The poisoning does not go well. Sinclair takes Dougie out for coffee, which proves to his chief mistake. It’s unclear whether Dougie’s childlike joy over coffee and pie is what sets Sinclair off, or whether he gets caught with poison powder, dandruff-like, on his shoulders, but whatever the cause, Sinclair breaks down, confessing everything to their shared boss. What a great, bizarre scene: Tom Sizemore, blubbing with guilt, being “interrogated” by poor parroting Dougie, over-confessing to the point that his boss forgives him for everything up to and including attempted murder, as long as he'll testify in court. “I only want to die or change,” he sobs - a distant cousin of Gordon Cole’s “fix your hearts or die” early in the season.
He’d better change: just about everyone involved in this criminal endeavour is proving shockingly, hilariously inept. It’d be Coenesque if it wasn’t so Lynchian.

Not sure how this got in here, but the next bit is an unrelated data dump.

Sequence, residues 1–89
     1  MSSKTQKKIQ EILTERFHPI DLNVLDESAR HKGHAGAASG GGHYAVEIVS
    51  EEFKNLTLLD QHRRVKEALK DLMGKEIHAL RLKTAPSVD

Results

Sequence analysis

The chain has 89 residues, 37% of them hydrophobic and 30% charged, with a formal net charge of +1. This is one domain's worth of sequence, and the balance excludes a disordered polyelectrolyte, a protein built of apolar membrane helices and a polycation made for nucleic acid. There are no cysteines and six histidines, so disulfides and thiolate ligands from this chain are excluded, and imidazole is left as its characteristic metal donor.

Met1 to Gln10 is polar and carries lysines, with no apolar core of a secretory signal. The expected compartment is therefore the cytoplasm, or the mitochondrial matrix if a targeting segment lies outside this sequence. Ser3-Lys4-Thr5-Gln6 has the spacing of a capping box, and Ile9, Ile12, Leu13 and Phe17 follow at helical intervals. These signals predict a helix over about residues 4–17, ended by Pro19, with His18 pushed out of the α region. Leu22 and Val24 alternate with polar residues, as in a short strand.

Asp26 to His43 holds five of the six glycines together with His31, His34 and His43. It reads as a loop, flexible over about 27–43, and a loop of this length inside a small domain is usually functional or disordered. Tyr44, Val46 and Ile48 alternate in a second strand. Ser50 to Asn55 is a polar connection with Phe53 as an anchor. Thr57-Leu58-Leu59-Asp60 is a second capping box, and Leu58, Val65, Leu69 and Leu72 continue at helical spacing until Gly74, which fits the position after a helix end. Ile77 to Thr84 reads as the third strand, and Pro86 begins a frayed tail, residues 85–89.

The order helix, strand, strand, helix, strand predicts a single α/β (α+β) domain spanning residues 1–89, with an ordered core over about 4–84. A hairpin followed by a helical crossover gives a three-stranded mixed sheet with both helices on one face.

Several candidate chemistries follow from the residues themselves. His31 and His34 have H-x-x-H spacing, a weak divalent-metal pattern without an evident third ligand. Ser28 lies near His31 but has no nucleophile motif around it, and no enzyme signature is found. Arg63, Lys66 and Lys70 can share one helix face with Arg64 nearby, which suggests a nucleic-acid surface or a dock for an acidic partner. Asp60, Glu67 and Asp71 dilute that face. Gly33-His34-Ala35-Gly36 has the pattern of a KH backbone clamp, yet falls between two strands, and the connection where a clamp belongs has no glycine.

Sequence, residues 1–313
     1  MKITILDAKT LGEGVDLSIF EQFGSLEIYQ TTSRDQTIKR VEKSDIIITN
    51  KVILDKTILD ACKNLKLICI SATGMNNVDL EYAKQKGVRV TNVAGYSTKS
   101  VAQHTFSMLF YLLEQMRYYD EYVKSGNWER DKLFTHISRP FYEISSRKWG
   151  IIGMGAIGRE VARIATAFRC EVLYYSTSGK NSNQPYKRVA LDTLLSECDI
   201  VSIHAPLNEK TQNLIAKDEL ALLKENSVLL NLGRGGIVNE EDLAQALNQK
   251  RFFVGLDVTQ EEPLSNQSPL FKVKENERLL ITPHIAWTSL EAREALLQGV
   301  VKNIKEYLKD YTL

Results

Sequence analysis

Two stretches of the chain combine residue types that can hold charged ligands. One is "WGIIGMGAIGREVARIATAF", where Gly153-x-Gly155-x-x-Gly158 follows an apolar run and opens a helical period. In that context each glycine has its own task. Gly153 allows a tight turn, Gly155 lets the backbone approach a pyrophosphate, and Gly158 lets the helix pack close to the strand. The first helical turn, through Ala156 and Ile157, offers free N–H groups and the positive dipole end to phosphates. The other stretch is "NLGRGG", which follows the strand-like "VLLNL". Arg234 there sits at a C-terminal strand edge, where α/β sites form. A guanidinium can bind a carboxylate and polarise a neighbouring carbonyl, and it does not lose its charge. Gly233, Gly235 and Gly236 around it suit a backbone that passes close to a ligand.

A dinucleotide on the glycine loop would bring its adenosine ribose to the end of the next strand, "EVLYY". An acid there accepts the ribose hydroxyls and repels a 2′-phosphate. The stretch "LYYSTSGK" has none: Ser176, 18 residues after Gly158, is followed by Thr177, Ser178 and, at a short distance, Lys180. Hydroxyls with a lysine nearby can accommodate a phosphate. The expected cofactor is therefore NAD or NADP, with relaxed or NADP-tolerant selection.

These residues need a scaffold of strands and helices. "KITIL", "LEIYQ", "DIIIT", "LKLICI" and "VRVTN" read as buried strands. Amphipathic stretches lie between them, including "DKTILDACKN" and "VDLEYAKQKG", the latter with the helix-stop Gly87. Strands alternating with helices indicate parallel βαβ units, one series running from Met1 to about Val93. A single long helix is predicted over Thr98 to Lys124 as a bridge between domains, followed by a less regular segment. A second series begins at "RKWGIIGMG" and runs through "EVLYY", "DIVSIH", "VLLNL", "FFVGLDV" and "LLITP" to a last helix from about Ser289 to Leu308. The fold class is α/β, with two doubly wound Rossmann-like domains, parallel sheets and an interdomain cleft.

The one consistently effective member of Twin Peaks: The Return’s criminal underworld is of course Evil Cooper, this week seeking revenge and information from one-time cohort and subsequent-time murderer Ray. Ray works for Renzo (Derek Mears), leader of a gang of ruffians and owner of the world’s largest surveillance monitor. Renzo got where he is, adorably, through the gang’s weirdo arm-wrestling code of conduct. So, then, it’s up to dirt-encrusted Evil Cooper to arm-wrestle Renzo as The Happening’s hot dog enthusiast Frank Collison eggs them on.
Let’s talk for a moment about how balls-out great Kyle MacLachlan has been this season. Between his delicate, floaty work as Dougie and his Terminator-esque chilliness as Evil Coop, this is a comeback defined by total control of vastly different characters. MacLachlan is downright terrifying in his Evil Coop appearance this week, visibly toying with Mears’ character yet taking no pleasure from it. It’s a great scene, punctuated by Evil Coop punching a crater into Renzo’s face and tied up with a surprisingly dense dump of exposition from the short-lived Ray.